Non-pharmaceutical interventions (NPIs), such as hand hygiene, respiratory etiquette, and mask use, are recommended strategies to reduce transmission of seasonal respiratory infections, with implications for pandemic influenza preparedness. While the effectiveness of NPIs has been examined in healthcare settings, less is known about the effectiveness of these strategies in community settings.
We conducted a randomized controlled trial, the Reducing Influenza-like Illness among University Students (REDI-US) Study, to examine the effectiveness of a hand hygiene and respiratory etiquette intervention in reducing the occurrence of influenza-like illness (ILI) in a young adult population. The intervention consisted of access to an educational website and one-time provision of respiratory and hand hygiene supplies. A total of 2,300 students enrolled in the study and were randomly assigned to either an intervention or control group; the study was conducted from October 2007 to April 2008. Participants self-reported selected symptom and behavioral information via an online weekly survey. An episode of ILI was defined as having fever and cough and/or sore throat clustered within a 5-day period.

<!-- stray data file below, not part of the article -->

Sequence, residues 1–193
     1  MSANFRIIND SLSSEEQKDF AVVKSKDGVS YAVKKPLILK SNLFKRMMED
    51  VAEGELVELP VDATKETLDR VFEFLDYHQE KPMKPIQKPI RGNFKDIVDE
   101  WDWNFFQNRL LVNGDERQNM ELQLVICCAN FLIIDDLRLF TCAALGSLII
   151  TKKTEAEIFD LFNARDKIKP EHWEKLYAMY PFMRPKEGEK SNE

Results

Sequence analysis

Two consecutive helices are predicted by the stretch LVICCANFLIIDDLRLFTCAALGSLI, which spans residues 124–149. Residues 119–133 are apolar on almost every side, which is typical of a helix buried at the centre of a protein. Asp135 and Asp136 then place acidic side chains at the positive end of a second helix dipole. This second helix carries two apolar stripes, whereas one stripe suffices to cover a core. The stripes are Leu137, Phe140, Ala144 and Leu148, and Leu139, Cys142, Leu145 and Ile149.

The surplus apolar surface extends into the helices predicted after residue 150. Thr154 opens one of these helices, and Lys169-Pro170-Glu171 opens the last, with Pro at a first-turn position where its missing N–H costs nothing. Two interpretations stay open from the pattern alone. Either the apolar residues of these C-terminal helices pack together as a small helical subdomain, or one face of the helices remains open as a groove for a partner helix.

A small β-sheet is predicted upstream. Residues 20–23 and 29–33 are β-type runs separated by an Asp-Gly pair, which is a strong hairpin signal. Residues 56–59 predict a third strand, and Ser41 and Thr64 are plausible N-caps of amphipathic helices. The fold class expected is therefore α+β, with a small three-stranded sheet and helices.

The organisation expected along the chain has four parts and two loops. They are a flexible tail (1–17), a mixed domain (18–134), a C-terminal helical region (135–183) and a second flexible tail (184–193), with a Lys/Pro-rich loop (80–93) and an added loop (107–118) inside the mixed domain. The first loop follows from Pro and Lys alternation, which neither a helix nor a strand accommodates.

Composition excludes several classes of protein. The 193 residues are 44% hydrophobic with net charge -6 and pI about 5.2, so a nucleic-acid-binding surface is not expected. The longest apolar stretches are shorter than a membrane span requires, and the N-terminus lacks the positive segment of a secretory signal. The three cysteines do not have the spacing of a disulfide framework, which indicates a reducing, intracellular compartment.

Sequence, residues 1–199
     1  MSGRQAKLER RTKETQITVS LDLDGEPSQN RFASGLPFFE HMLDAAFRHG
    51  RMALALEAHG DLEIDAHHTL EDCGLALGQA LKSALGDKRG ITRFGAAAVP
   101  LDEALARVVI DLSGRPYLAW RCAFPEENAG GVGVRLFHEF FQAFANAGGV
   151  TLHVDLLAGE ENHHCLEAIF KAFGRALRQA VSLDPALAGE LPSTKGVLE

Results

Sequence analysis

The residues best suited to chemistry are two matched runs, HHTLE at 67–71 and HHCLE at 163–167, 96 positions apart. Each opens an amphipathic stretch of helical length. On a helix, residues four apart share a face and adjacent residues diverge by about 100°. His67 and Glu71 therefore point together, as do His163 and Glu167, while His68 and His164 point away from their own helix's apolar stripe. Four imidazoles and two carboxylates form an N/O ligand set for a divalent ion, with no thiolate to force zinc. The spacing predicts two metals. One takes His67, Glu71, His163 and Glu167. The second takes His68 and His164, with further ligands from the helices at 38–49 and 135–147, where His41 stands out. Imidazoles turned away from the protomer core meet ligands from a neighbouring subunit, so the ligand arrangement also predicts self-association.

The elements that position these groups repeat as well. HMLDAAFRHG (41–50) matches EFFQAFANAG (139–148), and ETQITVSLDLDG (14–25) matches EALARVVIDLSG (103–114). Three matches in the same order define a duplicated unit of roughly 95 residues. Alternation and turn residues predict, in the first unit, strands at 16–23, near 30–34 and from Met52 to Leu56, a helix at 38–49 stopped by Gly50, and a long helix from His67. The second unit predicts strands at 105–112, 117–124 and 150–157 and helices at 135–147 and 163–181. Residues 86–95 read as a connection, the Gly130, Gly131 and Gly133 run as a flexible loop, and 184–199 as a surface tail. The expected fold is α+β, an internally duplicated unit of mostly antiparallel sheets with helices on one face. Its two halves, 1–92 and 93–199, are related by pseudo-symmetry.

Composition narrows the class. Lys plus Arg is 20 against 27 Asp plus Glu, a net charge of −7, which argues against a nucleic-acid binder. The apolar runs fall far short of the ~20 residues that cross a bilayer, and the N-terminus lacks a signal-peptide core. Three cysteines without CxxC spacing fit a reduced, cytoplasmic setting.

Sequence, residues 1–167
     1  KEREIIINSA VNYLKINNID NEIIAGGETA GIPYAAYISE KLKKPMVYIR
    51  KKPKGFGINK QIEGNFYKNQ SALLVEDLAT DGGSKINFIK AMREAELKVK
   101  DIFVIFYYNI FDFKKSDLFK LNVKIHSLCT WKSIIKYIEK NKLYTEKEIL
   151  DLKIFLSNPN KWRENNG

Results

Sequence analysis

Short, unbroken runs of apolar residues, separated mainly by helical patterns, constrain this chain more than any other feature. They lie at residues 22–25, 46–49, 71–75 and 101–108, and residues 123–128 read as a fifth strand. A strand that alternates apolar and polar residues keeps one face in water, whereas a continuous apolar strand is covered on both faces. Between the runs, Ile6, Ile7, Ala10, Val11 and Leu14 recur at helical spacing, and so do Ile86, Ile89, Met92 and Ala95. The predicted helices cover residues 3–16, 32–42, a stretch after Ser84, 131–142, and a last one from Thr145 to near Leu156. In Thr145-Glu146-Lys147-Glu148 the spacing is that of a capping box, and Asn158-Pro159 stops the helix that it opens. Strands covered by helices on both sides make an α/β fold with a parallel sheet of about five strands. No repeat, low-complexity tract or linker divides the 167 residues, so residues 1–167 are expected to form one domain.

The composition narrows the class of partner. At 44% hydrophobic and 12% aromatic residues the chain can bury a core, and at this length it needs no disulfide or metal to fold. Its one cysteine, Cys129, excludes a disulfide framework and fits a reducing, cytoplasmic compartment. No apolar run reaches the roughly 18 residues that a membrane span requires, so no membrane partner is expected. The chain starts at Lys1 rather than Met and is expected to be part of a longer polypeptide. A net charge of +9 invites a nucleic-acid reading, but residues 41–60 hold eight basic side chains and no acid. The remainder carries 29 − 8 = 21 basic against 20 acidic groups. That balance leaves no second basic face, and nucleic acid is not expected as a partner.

The results of three REDI-US Study investigations are presented in this dissertation: (1) an analysis of the effectiveness of the intervention in reducing the occurrence of ILI, (2) an assessment of the effectiveness of the intervention in improving hand hygiene and respiratory etiquette, and (3) a summary of participant-identified barriers to and factors influencing hand hygiene, respiratory etiquette, and mask use.
We found no evidence that the study intervention reduced the occurrence of ILI in this population (Chapter 2). The intervention was, however, effective in producing changes in certain hand hygiene and respiratory etiquette behaviors (Chapter 3). Participant-reported barriers to hand hygiene and respiratory etiquette were related to convenience, knowledge of appropriate behaviors, and availability of hand hygiene materials. Study results indicated that social acceptability of mask use is a major factor in participants' comfort-level in wearing a mask while sick (Chapter 4).
Evaluating the effectiveness of NPIs, as well as the barriers to use of these interventions in community settings, has important implications for efforts directed toward preventing and preparing for seasonal and pandemic respiratory infections.